Continuing our report of the HB1490 hearing testimony, we offer the testimony of Kasey Brzycki, an active middle school classroom teacher who was appointed to the 6-12 ELA work group. Mrs. Brzycki was one of the members of the minority group who broke away from the main group because the majority of that group continuously shut them out of discussions.  Her testimony was provided in response to questions that were raised at the October 26th hearing. The group has been publicly referred to as dysfunctional. From the testimony below, you can see why.

Brzycki Statement

Kerry Skeeters gave a stilted terse report to the Board from the official 6-12 ELA work group. She admitted that they did not meet with K-5 but offered no reason why. The Board strongly suggested they work to correct the lack of vertical alignment. She also reported that they considered a long list of other standards, including the Massachusetts 2000 and 2004 standards. What she didn’t mention was that the group literally set a timer for 20 minutes to discuss the MA standards and, when the timer went off, all discussion of those standards ceased. She also didn’t mention that, when they had an author of those standards in the room, Dr. Sandra Stotsky, they refused to allow her to speak and did not allow the group to ask her questions. This begs the question, what did Skeeters mean by the group “considering” the work of other states? Further, since many of the changes to the standards they did recommend to the board consisted of verb changes, like switching from “understand” to “grasp,” did this group understand the meaning of the verbs they were recommending?

Heaping more irony on this situation is the knowledge that collaboration is the buzzword of 21st century skills that schools are supposed to be fostering in our students. The statement was made during the meetings, by one of the 6-12 ELA work group members, that they “were all professionals” at the table, intimating that they were well aware of the expectations of professional teachers. However, these professionals who, if they actually worked in a classroom, would know the importance of modeling behavior and should have modeled collaboration with the K-5 work group, actively refused to collaborate.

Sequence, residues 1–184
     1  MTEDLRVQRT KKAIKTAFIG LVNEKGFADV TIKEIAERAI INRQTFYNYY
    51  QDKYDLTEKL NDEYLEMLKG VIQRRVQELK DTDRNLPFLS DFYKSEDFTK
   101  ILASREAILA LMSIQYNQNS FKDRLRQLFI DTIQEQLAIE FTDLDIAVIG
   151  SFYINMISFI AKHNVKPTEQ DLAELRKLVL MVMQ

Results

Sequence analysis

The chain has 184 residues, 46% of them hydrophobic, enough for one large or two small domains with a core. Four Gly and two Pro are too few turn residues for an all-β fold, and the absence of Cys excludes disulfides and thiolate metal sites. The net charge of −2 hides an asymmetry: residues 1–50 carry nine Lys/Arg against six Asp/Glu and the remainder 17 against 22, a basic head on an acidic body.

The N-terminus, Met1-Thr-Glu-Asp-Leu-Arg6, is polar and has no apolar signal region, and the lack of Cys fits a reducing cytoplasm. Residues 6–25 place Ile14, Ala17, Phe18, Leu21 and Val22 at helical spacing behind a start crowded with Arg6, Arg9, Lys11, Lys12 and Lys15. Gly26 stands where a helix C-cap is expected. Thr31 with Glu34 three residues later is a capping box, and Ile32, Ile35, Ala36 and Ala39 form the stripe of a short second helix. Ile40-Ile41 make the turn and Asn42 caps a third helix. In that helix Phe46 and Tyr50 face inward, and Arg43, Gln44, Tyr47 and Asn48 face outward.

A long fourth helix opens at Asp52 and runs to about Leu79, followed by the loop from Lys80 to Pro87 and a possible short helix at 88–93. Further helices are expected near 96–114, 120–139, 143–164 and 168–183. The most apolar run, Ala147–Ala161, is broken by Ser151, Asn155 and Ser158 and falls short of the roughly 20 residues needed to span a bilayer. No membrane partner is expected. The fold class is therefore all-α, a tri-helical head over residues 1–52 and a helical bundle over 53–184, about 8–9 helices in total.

They also did not seem to understand the meaning of “autonomous” operation of the work groups. They were allowed to have any process the group agreed upon to guide their meeting schedule, discussions and document development. What they were not charged with, according to HB1490, was the selection of the work group members. They did not have autonomy over who was on the group. Their failure to understand the meaning of this word meant that when Speaker Jones replaced Nick Kremer, because it was found he did not possess the required credentials to be on the work group, with Lou Ann Saighman they refused to acknowledge her appointment. She testified to the board that the only way they would listen to her is if she wrote her question or comment on a piece of paper and passed it to one of the work group members whom they did recognize to speak.

The Board is trying to recognize the autonomy of the work groups by merely “strongly suggesting” that they continue to work to develop the necessary vertical alignment between K-5 and 6-12 ELA. It will be up to the groups to determine whether they do that with the document submitted by Skeeter’s group or the minority report. The minority 6-12 ELA report contains a set of standards developed from the pre-Common Core Massachusetts standards. Those initial standards were graded A- by the Thomas B. Fordham Institute. The set of standards included in the minority report contain changes from Dr. Sandra Stostky meant to address every point in Fordham’s critique that they said made the standards only an A-. The resulting standards should be graded A by Fordham. The final collaborative effort of the ELA groups will have to consider whether they work on vertical alignment to a set of A graded standards, or B (or less with the MO changes) standards which is what Fordham graded the Common Core ELA standards.


Anne Gassel

Anne has been writing on MEW since 2012 and has been a citizen lobbyist on Common Core since 2013. Some day she would like to see a national Hippocratic oath for educators “I will remember that there is an art to teaching as well as science, and that warmth, sympathy and understanding are sometimes more important than policy or what the data say. My first priority is to do no harm to the children entrusted to my temporary care.”

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